Griesbaum had won 169 games in 14 seasons, with six trips to the NCAA tournament. She was 42-20 from 2011 to 2013.
The complaint also takes aim at the Iowa athletic department for what the players say is a pattern of firing female head coaches. Griesbaum was the fifth female head coach to be let go in the past five years.
The field hockey players make the following five assertions about how sex and gender stereotypes have harmed student-athletes at Iowa:
• That the school treats complaints by female athletes differently than complaints by male athletes;
• That the school investigates female coaches differently than male coaches;
• That the school uses different practices and standards when investigating female coaches;
• That the school permits male coaches to use coaching methods that female coaches are not permitted;
• That the school "generally holds female coaches to a higher or different standard than male coaches."
The complaint dives into complicated questions about what has happened at Iowa -- and the mere asking of them, so publicly, could cause a ripple effect in athletic departments far outside of Iowa City. Questions such as: How can gender discrimination exist if female student-athletes make the initial complaints? Or if another woman replaces the fired female coach? Or if female administrators are part of the decision-making process?
On the first issue, the student-athletes write in their complaint: "The University's stereotype-motivated reaction to a minority group of females on the team who are emotionally upset by the methods of the female coach also harms the females who complained. It enables stereotypes about them as well as the coach and completely undermines the experience of the entire team. It also does nothing to protect the females from actual abuse or harm. Finally, it also harms the male student-athletes who may desire to report actual abuse or harm, but are dismissed because of gender stereotypes that associate their reporting with being more like women than men."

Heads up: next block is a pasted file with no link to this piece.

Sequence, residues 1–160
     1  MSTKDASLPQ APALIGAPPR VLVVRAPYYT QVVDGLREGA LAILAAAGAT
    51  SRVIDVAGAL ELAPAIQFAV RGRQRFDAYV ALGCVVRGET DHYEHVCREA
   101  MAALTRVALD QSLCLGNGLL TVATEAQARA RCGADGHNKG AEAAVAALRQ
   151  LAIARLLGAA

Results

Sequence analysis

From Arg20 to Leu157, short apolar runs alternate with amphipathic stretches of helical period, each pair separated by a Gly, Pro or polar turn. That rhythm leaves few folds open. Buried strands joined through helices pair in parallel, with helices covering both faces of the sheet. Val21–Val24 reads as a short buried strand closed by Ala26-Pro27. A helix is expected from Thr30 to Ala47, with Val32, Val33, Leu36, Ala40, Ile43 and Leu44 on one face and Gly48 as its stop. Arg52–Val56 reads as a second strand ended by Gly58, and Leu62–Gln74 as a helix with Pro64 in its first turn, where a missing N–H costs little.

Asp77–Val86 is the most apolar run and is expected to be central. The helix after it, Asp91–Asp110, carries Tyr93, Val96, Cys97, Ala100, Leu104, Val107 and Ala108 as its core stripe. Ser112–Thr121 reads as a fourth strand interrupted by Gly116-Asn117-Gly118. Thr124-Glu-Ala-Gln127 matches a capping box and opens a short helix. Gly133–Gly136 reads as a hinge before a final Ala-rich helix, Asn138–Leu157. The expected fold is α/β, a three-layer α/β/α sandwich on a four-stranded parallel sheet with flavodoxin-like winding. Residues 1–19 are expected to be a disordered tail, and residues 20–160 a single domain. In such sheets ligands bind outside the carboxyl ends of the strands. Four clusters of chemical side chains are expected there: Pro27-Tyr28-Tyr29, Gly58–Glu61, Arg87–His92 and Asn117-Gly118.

And on how gender bias can be present even though Griesbaum was replaced by a female assistant coach, the players write: "We all should know that stereotypes can easily result in one type of female being preferred over another and indeed, that the concept is at the very heart of a stereotype or double standard. One minute the 'softer' female is preferred and/or the 'harder' female is no longer welcome, but in each case the opposite can be true. The point is that the administration is making choices about the type of women they require, rather than the type of person."
The four student-athletes said blaming the two teammates who made the initial complaint would be a simple solution to feeling better, but it wouldn't address the overarching problem that they believe exists for female coaches in the NCAA. "I think it's easy to pit women against women and be upset at each other," Silfer said. "But we feel that if a male student-athlete brought this complaint, it wouldn't have been listened to."
The next step will be determined by the Chicago branch of the Office of Civil Rights, which is part of the U.S. Department of Education. The OCR will decide whether to launch an investigation; no specific timetable exists for that decision.
"We had no choice but to go this far," Silfer said. "Because nobody else was listening or taking us seriously."
Well, they're going to have to listen now. And so is a nation of female athletes and coaches.